In ArtForum, Nicole Eisenman talks to Brian Sholis about her new work. “During the past fifteen years,” Sholis writes, “New York-based Eisenman has created a self-aware and psychologically probing body of work that includes installations, animations, drawings, and, with increasing focus, paintings. ‘I made the paintings in this exhibition throughout the past year, gravitating, as I often do, to particular images (both found and imagined). I put them in drawings and then on canvas, initially working on one at a time and then on several at once. When selecting paintings for the show and thinking about them as a group, I realized that they are all somewhat depressed or depressing and that what ties them together is their embodiment of different notions of coping. The world can be a depressing place these days. I don’t think I’m depressed—though I did experience something akin to a midlife crisis recently—but the state of the world, and my opinion of it, necessarily filters into the work.
‘The earliest painting in the show is ‘Coping;’ it depicts people trudging through muck in a town setting, which directly preceded a revelation I had in the studio that it was time to try painting interiors. That in turn led to the canvas that depicts me in a therapist’s office. But the epiphany about painting interior spaces was less about the subject matter than it was about my need to push myself formally. I frequently paint vague outdoor scenes, like ‘Coping’ or ‘The Fagend,’ in which the figures are placed in an artificial, tableaulike environment. If you take the figures out of ‘The Fagend,’ it’s just a big bunch of abstract blocks with patterns on them. I liked that aspect and wanted to pursue it further. To do so, I debated taking the figures out of these canvases, but I couldn’t. I’m not ready—and don’t want—to make that jump. In a way, I couldn’t do it because I don’t know how else to make paintings. What would I pull from? If the figures aren’t included, these constructed worlds seem entirely removed from reality and rather self-indulgent. You need the figure—or, rather, I need the figure.'”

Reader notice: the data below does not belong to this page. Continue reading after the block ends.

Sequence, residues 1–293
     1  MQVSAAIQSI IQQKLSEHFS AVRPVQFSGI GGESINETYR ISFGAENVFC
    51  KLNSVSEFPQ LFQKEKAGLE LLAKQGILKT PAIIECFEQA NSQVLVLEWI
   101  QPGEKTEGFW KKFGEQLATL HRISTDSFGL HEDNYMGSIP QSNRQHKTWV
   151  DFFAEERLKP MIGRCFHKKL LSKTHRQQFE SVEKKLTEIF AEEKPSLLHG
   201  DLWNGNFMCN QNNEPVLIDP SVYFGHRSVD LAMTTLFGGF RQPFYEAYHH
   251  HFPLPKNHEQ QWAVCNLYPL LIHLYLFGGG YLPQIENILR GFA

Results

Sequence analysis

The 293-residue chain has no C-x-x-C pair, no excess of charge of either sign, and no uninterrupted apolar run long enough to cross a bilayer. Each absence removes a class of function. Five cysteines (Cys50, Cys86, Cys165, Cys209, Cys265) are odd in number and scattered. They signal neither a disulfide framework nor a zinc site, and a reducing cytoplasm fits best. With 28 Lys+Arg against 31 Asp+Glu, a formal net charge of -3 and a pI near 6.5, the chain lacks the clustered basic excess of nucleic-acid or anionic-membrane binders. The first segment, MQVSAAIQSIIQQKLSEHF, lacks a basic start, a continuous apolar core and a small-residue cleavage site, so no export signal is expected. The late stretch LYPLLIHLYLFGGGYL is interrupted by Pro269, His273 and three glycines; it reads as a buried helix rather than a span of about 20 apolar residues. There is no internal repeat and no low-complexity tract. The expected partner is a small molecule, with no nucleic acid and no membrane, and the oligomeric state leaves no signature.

“Nicole Eisenman: Coping,” Galerie Barbara Weiss, Berlin. Through Oct. 18.
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